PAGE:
Zimbabwe month-on-month inflation hits a record low of -15.3% in July


Zimbabwe consumer prices fell in July after the nation’s currency strengthened.

Consumer prices dropped 15.3%, compared with 75% last month, and inflation rose 101% from a year earlier after a 176% increase in June, the Zimbabwe National Statistics Agency said yesterday in an online briefing.

The central bank, which is targeting monthly inflation of 1% to 3% this year, expected it to be “very low to negative territory” in the second half of the year, Governor John Mangudya said.

The downward trajectory may provide room for the bank’s monetary policy committee to cut the world’s highest interest rate after lifting it to 150% from 140% on 6 June. It’s also likely to be used as rallying points by incumbent President Emmerson Mnangagwa, who will vie for a second-term against about 10 other candidates in  the 23 August elections.

Nick Mangwana, information secretary, said in a recent Twitter post that as prices fall people are “laughing all the way to supermarkets”.

Inflation has eased on the back of a 53% rebound in the Zimbabwean dollar against the greenback this month, driven by new rules that require corporate taxes to be settled in the local unit and the loosening of foreign-exchange controls, making it the world’s best performer.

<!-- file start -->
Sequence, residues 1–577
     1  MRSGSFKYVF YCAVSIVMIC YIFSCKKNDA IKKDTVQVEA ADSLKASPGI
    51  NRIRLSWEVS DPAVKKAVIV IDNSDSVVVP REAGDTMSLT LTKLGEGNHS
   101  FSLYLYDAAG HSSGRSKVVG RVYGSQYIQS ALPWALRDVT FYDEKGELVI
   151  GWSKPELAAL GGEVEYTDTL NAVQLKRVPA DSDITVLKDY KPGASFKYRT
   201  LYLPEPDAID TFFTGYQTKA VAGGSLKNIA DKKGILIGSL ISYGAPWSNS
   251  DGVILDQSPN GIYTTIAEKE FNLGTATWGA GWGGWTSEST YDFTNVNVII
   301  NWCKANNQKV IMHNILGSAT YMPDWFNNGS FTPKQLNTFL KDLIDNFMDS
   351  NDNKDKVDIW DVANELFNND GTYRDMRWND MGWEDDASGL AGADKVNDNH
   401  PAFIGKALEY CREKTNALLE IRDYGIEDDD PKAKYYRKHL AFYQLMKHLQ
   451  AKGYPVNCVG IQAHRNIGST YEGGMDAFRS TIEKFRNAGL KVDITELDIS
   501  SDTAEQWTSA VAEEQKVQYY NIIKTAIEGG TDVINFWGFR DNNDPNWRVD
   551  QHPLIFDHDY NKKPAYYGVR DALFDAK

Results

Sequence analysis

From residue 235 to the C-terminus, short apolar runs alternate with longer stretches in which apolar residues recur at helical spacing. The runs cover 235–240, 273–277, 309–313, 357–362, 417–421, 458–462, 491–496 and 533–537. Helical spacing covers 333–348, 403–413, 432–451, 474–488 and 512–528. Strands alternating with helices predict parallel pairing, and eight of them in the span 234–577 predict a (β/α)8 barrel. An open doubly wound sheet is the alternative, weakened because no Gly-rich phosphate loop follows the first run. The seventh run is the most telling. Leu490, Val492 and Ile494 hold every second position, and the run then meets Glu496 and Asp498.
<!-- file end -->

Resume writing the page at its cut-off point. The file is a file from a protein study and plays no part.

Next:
In June, the central bank stopped short of free-floating the local currency in the battle to end volatility and close the gap between the official and black-market rates that distorted pricing. The currency plunged almost 100% against the dollar in the first half of this year before this month’s rally.

The liberalisation of the foreign-exchange market by the central bank has helped stabilise the exchange rate, according to Mangudya.

“Inflation in Zimbabwe is a movement of the exchange rate in the parallel market, which has a pass through effect onto prices,” he said. “With the appreciation of the currency, prices have been going down.”- Bloomberg



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Charles Rukuni
The Insider is a political and business bulletin about Zimbabwe, edited by Charles Rukuni. Founded in 1990, it was a printed 12-page subscription only newsletter until 2003 when Zimbabwe's hyper-inflation made it impossible to continue printing.


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